Most exciting moment working at HKI: “I’d have to say it’s the moment when you identify a strong partner and you are able to agree about how to move ahead. That is very exciting. Our work really succeeds when we help a good partner get better, or help a partner excel. Chittagong Eye Infirmary and Training Complex in Bangladesh is an excellent example of this. It was already an outstanding non-profit organization and through our collaboration on diabetic retinopathy it is now offering a blindness prevention service that would otherwise not be available. We hope to keep working with them to expand the work we have started there.”
Most rewarding thing Dave is currently working on? “Fostering the cataract partnership at Zhongshan Ophthalmic Center (ZOC) in rural Guangdong Province in south China. Dr. Mingguang He, HKI’s Country Director in China, runs this project which extends care to rural regions of Guangzhou and other areas (Watch Our Video: New Hope for the Elderly in China). Our approach is to send highly qualified doctors to train local doctors in their own hospitals, where they have their own patients and where they can build successful practices. HKI’s VP for Eye Health Nick Kourgialis and I visited Dr. He in Guangzhou to evaluate our successes and failures; after a long discussion and probing of the obstacles to training we came up with a system that has been hugely successful. If Helen Keller International had not been there, the program would not have happened. It’s a great example of capacity development and teamwork. Some might think that because China is becoming wealthier, international aid should go elsewhere to help poorer countries. However, benefiting the poor in developing economies is often a sustainable approach because if good programs are developed, there are resources in the country to keep them going.”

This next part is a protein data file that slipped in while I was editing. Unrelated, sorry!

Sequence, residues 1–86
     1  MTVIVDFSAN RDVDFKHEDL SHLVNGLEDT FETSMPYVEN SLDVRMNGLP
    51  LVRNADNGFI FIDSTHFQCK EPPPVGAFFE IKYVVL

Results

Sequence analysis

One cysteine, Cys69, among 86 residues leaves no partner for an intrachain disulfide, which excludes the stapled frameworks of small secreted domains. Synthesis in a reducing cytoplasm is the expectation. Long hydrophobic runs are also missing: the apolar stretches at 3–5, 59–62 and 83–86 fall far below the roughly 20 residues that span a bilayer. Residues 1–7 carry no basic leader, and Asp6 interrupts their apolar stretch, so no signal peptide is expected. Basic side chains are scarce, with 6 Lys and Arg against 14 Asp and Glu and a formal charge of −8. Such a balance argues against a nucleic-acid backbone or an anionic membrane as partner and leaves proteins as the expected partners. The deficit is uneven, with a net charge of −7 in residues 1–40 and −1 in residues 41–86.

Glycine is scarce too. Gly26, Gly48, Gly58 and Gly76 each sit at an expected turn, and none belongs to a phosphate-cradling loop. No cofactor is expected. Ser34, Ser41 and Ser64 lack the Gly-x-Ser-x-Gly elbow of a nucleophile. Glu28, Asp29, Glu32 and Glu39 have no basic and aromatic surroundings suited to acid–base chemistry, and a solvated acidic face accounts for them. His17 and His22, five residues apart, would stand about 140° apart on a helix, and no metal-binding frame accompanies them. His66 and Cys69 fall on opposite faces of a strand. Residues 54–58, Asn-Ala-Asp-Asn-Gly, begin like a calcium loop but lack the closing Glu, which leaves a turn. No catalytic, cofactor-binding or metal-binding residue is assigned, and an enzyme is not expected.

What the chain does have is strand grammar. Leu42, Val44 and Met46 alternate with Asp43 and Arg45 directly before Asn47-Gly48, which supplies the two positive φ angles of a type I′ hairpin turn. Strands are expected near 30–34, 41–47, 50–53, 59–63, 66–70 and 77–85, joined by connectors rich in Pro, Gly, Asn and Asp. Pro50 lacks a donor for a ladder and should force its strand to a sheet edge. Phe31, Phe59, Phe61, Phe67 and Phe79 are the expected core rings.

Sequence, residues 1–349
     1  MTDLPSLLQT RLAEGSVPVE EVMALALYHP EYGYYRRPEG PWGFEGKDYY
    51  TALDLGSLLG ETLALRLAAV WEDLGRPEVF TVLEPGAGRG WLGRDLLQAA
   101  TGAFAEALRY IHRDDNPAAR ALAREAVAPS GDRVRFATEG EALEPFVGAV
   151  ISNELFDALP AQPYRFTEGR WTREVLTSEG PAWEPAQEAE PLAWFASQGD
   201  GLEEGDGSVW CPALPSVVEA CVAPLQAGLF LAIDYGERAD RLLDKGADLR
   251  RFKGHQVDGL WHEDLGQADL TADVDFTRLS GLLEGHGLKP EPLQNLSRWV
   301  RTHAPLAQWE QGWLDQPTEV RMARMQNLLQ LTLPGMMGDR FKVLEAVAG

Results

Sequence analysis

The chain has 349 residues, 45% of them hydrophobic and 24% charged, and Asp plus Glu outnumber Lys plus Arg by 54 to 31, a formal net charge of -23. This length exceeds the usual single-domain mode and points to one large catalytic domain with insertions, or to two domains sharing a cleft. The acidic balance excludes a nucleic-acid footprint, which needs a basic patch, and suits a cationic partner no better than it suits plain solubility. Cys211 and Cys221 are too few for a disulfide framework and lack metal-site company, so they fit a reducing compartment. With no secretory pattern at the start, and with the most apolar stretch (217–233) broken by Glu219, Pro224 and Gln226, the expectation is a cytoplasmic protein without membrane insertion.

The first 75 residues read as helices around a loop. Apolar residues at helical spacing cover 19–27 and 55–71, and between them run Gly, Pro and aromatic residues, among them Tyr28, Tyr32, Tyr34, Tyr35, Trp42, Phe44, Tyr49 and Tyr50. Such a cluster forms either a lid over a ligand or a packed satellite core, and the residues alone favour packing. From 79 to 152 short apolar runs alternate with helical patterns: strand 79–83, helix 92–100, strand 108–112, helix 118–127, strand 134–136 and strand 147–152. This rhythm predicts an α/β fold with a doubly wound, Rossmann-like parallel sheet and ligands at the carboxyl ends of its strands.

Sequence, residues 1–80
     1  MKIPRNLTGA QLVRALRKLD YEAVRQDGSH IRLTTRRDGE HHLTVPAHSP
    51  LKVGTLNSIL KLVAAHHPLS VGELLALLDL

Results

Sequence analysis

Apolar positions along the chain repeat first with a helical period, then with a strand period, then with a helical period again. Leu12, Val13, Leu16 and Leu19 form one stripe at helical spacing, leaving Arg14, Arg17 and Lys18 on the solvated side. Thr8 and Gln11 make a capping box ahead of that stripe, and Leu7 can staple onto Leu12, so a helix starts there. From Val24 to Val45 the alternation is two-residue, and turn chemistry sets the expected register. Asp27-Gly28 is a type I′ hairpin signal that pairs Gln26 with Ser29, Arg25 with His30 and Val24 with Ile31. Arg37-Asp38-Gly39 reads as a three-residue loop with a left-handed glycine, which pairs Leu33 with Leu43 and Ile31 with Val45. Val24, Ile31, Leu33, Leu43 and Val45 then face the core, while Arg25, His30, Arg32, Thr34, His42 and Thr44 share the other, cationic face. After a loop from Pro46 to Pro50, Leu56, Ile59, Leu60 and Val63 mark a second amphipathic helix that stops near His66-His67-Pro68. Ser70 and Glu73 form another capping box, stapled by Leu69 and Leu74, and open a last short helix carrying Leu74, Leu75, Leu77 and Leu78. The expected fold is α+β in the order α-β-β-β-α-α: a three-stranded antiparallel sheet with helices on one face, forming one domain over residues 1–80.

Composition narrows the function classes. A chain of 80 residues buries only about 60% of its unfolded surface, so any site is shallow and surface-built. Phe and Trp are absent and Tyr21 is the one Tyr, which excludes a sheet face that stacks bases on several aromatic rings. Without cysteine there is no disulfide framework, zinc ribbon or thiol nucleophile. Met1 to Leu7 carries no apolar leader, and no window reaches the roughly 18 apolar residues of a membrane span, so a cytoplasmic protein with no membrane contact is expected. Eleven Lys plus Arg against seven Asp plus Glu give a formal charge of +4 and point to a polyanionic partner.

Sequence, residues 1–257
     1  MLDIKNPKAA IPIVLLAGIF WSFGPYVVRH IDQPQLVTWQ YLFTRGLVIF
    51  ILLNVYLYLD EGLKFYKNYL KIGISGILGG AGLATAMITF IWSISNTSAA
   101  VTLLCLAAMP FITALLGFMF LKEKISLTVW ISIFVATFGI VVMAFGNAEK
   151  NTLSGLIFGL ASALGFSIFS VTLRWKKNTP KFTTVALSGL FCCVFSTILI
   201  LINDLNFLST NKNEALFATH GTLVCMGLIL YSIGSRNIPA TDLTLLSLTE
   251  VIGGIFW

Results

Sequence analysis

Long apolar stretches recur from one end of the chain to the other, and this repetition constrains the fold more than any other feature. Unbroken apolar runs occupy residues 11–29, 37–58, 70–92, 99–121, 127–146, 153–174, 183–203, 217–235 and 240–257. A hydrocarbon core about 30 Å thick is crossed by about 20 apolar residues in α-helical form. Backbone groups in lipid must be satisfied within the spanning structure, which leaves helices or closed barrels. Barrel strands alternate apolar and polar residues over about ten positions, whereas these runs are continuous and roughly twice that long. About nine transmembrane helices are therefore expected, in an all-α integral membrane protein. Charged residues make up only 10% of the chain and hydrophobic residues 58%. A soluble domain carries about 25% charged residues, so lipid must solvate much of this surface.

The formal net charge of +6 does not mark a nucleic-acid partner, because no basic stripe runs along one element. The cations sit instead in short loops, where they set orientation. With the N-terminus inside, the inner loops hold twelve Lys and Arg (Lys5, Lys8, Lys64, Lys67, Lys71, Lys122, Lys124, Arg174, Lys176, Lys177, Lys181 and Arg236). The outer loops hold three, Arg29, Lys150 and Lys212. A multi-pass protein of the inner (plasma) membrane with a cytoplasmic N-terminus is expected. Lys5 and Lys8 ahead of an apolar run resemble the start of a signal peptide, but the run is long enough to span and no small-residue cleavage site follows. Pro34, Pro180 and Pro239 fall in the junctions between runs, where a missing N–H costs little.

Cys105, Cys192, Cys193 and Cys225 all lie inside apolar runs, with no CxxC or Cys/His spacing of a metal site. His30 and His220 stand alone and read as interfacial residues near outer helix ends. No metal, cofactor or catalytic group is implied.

Least favorite buzzword: “I guess I’d say ‘sustainable’ because people use it when it may not be achievable. Some forms of care require on-going inputs that do not necessarily pay for themselves. The key is to figure out models that can work which involves identifying a stable revenue stream for the program. In some cases, one needs government subsidies because the target population just doesn’t have the resources to cover the service. I often worry about these programs, however, because the winds of politics can destroy programs overnight. Eye programs can sometimes avoid this problem because many of the solutions are affordable; cataract surgery can be done for $50, for example.”
The Inspiration of Helen Keller: “She inspires me because she demonstrates how everybody can live a full life regardless of disabilities. If we can give people some ability to see, we give them a tremendous opportunity.”
Watch David Friedman’s journey from med school to midlife in scenes from “Doctors’ Diaries” on PBS’ NOVA (Running time 10:31)